When you’re running your own business, sometimes it’s easy to forget that as well as focusing on paying the bills, you should still think about your own job satisfaction. This week, we’re looking at some essential ingredients for satisfaction:
What makes you feel satisfied with your work? Hit us up on twitter or leave a comment and let us know. And have a great weekend!
It's Expenses Month here at FreeAgent so - in addition to our recent blog posts about travel & accommodation and business use of home expenses - we've decided to make life a little easier for anyone who is unsure about what food and drink they can claim when they're working.
Our Chief Accountant Emily has been hard at work and has created this handy infographic for UK limited companies and sole traders, which explains whether or not they can claim for their lunch when they're out on business. Judging by the questions we've received during our recent live expenses Q&A sessions, it's an issue that many people find confusing - so we hope that this guide will provide a little bit of clarity!
Just copy and paste the code below onto your site:
Lord Young, enterprise adviser to the government, has recently published the second phase of his report into small business. This time he looks at Growing Your Business.
In summary, he’s recommending increased support to help small businesses grow:
I’d like to pick up on three points in the report.
Lord Young points out, “Within the micro business population itself growth has been driven predominantly by businesses without employees.”
Drawing attention to the perceived complexity of the recruitment process - and to the fear many business owners have of recruiting the “wrong” employee, costing them and their business a lot of time and money - he says: “The actual employment process should be simplified. We need to ensure that employers can complete the actions required of them more seamlessly.”
He’s absolutely right. To me, the key to business growth is simplification of the myriad legislative processes involved. Employment, HR, tax, all are hopelessly complicated, and contribute to why many businesses choose to stay small - so making these simpler would be a great boost to the small business sector.
However, I would also hope that these changes are not rushed and that all of the implications are properly considered - to ensure that by simplifying one aspect of running a small business they don’t inadvertently make things more difficult elsewhere!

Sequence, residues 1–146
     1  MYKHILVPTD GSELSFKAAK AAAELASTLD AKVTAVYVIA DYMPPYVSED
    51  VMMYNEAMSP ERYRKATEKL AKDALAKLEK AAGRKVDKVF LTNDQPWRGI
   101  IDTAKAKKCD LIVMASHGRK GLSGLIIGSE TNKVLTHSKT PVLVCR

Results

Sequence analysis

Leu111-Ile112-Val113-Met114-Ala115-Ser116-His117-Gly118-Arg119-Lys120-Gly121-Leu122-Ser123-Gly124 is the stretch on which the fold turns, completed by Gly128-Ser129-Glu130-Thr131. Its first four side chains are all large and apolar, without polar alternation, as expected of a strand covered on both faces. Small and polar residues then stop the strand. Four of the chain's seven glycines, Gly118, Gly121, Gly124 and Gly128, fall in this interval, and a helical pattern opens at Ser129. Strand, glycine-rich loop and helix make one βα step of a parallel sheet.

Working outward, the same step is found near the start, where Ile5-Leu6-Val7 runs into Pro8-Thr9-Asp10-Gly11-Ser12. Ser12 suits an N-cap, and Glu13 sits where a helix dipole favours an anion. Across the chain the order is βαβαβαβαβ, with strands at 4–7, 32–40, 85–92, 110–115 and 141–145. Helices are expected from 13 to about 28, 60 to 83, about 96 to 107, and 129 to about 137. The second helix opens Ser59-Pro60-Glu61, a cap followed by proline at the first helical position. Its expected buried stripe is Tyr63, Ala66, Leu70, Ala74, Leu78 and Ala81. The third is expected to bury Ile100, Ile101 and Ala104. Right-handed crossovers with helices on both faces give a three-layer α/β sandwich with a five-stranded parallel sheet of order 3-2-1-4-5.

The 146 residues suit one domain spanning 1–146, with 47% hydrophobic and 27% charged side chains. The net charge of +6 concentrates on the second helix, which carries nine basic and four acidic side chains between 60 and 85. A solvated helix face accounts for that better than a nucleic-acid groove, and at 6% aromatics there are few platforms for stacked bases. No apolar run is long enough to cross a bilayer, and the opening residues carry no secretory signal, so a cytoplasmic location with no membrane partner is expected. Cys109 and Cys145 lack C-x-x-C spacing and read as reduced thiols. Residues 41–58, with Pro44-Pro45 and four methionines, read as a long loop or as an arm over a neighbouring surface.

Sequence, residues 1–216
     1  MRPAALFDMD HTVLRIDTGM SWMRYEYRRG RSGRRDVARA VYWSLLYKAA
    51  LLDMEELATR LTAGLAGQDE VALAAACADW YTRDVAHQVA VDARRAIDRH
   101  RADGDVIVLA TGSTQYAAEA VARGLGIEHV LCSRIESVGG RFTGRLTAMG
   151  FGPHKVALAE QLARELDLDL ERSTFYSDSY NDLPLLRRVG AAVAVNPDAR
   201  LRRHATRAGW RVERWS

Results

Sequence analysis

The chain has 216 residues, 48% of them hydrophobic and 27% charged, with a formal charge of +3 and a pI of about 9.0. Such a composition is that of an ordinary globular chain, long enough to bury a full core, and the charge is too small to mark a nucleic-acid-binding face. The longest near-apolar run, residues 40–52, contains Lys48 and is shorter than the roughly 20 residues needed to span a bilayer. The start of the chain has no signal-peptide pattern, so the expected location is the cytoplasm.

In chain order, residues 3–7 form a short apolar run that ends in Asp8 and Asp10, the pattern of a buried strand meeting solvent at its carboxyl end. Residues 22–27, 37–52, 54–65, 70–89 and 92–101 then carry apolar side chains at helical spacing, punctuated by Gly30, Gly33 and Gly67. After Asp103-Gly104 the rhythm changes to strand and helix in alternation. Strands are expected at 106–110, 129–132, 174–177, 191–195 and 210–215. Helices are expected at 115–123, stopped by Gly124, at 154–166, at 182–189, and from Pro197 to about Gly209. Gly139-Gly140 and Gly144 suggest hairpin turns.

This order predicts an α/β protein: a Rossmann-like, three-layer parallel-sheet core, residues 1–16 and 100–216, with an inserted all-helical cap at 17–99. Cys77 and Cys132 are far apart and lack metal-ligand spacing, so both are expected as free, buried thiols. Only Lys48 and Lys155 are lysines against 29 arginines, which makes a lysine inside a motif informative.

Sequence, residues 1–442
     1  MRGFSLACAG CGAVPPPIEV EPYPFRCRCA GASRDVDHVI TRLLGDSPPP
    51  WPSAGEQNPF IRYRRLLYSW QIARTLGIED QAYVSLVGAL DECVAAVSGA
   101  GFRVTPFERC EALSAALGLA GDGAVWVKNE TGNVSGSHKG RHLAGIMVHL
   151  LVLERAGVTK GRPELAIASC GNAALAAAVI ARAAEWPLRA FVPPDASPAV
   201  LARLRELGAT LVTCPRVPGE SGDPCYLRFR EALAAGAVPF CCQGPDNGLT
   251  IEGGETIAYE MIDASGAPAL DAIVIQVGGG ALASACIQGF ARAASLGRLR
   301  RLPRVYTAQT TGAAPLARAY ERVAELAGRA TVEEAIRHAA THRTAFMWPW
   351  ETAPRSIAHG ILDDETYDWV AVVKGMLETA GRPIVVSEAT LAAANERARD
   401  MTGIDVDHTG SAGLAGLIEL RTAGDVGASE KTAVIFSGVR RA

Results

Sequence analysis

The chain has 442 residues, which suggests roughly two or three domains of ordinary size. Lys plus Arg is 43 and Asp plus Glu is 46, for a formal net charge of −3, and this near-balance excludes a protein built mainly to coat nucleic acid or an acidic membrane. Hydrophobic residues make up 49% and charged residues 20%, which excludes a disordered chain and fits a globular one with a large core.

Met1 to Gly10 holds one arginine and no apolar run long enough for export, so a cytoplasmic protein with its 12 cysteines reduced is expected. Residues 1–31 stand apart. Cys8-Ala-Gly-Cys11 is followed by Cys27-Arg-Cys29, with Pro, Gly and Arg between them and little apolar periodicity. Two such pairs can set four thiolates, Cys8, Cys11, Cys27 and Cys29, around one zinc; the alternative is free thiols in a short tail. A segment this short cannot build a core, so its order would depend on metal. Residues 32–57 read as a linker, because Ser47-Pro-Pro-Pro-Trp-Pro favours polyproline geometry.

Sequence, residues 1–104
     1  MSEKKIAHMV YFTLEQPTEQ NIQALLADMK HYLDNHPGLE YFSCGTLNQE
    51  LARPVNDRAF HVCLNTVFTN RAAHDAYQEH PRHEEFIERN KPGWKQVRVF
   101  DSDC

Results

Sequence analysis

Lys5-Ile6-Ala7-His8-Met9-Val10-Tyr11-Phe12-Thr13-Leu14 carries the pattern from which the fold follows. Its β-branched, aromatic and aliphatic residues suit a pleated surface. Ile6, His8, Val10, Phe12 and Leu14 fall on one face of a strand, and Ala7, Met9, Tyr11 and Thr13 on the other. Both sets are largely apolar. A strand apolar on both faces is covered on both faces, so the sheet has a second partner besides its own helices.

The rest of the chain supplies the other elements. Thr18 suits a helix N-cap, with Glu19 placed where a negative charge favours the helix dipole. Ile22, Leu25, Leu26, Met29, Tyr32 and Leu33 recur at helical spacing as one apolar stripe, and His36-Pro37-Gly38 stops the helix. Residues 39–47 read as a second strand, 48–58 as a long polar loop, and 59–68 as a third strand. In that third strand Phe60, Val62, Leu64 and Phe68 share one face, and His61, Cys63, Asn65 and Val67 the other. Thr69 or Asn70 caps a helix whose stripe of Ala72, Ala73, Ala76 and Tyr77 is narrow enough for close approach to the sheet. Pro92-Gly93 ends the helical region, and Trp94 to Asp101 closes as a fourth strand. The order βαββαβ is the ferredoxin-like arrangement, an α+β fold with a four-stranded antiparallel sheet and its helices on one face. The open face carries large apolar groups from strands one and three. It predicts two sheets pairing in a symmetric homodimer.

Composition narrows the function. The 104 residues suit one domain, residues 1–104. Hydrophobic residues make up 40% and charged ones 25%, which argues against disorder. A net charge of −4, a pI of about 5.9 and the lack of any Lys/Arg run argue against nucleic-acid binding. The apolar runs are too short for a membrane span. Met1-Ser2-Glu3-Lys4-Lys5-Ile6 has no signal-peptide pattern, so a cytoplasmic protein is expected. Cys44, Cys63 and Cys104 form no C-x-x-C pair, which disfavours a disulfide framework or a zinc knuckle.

The report makes a proposal for a £30 million Growth Voucher scheme, but also mentions that the model for this has not been finalised. So it's not yet clear if these vouchers would actually allow small business owners to redeem their value on professional services such as accounting (which is an idea that our good friend Elaine Clark at Cheap Accounting talks about on her blog).
I wholeheartedly agree that small business owners should be encouraged to seek professional help and guidance, given the complexity of the legal framework in which they are operating. A voucher scheme would help with this, however, the quality of the providers would need to be vetted.
I am also concerned that Lord Young wants private firms to set up websites providing “advice and inspiration to help people start and develop their businesses.” My concern here is that this could lead to an enormous and disjointed collection of websites, with business owners confused as to which one to choose. I would have preferred a centrally managed and operated service with funded advice from vetted professionals.
I agree with Lord Young’s recommendation that the Start-Up Loans scheme should be open to anyone of any age who wishes to start a business. Many people over the current age limit of 30 have ambitions to start a business but do not have the money to spare. They may have better-paid jobs than their younger counterparts but are also more likely to have mortgages to pay and children to support, so they cannot simply walk away from a well-paid job
Opening the Start-Up Loans initiative to potential business owners of any age would be a very positive move.
From my perspective, Lord Young’s report has a lot to commend it and I hope that the government will heed his recommendations and act upon them.
It’s Expenses Month here at FreeAgent, and we’ll be posting lots of useful information about managing and claiming your expenses throughout the rest of May. In the second article of her expenses series, our Chief Accountant Emily talks you through claiming the costs of travel and accommodation for your business.
Are you self-employed and have to regularly travel for your business? And does this travelling ever involve an overnight stay away from your home?